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Pagoda tree (Styphnolobiumjaponicum)

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Related terms
Background
Evidencetable
Tradition
Dosing
Safety
Interactions
Attribution
Bibliography

Related Terms
  • Chinese scholar tree, Chinese scholartree, enju (Japanese), Fabaceae (family), galactomannan, genistein, Guilty Chinese Scholar Tree, Guilty Chinese Scholartree, huai-chiao (Chinese), huai-hua (Chinese), huai-mi (Chinese), Japanese pagoda tree, Japanese pagodatree, kaempferol derivatives, letins, Leguminosae (family), maltol derivatives, pagodatree, quercetin, quercetin derivatives, rutin, sophorabioside, Sophora flower bud, Sophora flower buds, Sophora japonica, sophoricoside, Styphnolobiumjaponicum, Styphnolobiumjaponicum (L.) Schott.

Background
  • The pagoda tree is native to eastern Asia and was brought to Japan. It is a popular tree in northern areas because of its white flowers that bloom in late summer. The pagoda tree is often used in bonsai horticulture.
  • Lectins (proteins) from the pagoda tree have been used for cell function monitoring after kidney transplant.
  • A few lab and animal studies have been done on anti-inflammatory, antioxidant, and radioprotective properties of the pagoda tree. Currently there is not enough available evidence in humans to support the use of pagoda tree for any medical condition.

Evidence Table

These uses have been tested in humans or animals. Safety and effectiveness have not always been proven. Some of these conditions are potentially serious, and should be evaluated by a qualified healthcare provider. GRADE *
* Key to grades

A: Strong scientific evidence for this use
B: Good scientific evidence for this use
C: Unclear scientific evidence for this use
D: Fair scientific evidence for this use (it may not work)
F: Strong scientific evidence against this use (it likley does not work)


Tradition / Theory

The below uses are based on tradition, scientific theories, or limited research. They often have not been thoroughly tested in humans, and safety and effectiveness have not always been proven. Some of these conditions are potentially serious, and should be evaluated by a qualified healthcare provider. There may be other proposed uses that are not listed below.

  • Anti-inflammatory, antimicrobial, antioxidant, coagulation (blood clotting) disorders, immunomodulation, radioprotection, skin fairness.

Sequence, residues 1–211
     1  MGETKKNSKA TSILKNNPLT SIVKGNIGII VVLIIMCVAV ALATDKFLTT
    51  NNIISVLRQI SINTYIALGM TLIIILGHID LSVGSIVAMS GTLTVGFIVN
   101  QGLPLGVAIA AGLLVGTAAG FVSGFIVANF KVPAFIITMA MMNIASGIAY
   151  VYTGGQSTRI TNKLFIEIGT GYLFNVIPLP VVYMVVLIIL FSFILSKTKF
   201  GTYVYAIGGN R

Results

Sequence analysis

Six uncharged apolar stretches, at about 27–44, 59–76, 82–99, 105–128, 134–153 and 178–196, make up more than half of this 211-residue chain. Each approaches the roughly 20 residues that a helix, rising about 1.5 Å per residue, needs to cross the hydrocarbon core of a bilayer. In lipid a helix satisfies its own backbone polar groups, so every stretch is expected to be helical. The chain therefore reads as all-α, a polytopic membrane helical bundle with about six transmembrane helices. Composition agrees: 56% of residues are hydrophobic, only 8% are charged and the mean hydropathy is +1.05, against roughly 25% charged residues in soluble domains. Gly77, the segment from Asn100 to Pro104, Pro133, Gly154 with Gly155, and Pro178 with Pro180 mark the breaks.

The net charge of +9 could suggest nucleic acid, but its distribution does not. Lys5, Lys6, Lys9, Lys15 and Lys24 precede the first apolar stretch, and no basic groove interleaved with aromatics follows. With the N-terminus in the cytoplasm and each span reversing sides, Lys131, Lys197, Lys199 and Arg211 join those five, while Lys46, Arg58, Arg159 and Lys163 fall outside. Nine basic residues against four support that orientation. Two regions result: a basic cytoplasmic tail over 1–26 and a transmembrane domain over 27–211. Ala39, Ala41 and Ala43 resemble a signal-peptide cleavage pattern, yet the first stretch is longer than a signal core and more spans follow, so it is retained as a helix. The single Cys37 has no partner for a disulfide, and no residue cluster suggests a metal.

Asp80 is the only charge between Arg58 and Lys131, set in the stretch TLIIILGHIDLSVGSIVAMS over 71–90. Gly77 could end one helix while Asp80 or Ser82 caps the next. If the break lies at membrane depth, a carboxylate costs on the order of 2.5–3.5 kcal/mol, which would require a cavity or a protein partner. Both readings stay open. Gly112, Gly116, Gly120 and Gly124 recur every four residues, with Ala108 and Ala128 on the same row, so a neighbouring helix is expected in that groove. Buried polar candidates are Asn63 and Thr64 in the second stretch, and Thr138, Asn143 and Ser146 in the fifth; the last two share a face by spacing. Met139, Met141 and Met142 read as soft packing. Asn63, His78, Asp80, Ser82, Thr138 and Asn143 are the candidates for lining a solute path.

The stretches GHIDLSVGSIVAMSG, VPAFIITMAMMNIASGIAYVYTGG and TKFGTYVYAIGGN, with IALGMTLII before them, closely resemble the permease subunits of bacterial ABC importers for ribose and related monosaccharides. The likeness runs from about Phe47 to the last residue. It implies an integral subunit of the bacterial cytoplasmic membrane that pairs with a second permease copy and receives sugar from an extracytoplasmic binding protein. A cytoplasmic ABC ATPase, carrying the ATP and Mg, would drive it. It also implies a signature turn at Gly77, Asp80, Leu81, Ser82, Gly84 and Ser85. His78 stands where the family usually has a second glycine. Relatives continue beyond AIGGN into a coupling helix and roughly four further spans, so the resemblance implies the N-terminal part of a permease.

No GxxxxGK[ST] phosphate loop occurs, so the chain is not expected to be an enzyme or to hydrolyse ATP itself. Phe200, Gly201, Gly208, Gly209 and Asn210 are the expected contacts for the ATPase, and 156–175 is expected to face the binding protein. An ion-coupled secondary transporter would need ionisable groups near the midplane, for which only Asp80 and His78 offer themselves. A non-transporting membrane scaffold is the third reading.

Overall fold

Dosing

Adults (over 18 years old)

  • There is no proven safe or effective dose for pagoda tree in adults.

Children (under 18 years old)

  • There is no proven safe or effective dose for pagoda tree in children.

Safety

The U.S. Food and Drug Administration does not strictly regulate herbs and supplements. There is no guarantee of strength, purity or safety of products, and effects may vary. You should always read product labels. If you have a medical condition, or are taking other drugs, herbs, or supplements, you should speak with a qualified healthcare provider before starting a new therapy. Consult a healthcare provider immediately if you experience side effects.

Allergies

  • Avoid in individuals with a known allergy or hypersensitivity to Japanese pagoda tree or its constituents.

Side Effects and Warnings

  • There is little information currently available on the adverse effects associated with pagoda tree.
  • Use cautiously in patients with known allergy or hypersensitivity to Japanese pagoda tree, its constituents, or members of the Fabaceae family.
  • Use cautiously in patients with blood clotting disorders or taking blood thinning agents.

Pregnancy & Breastfeeding

  • Pagoda tree is not recommended in pregnant or breastfeeding women due to a lack of available scientific evidence.

Interactions

Interactions with Drugs

  • Lectins (proteins) from pagoda tree seeds may increase the risk of bleeding when taken with drugs that increase the risk of bleeding. Some examples include aspirin, anticoagulants ("blood thinners") such as warfarin (Coumadin®) or heparin, anti-platelet drugs such as clopidogrel (Plavix®), and non-steroidal anti-inflammatory drugs such as ibuprofen (Motrin®, Advil®) or naproxen (Naprosyn ®, Aleve®).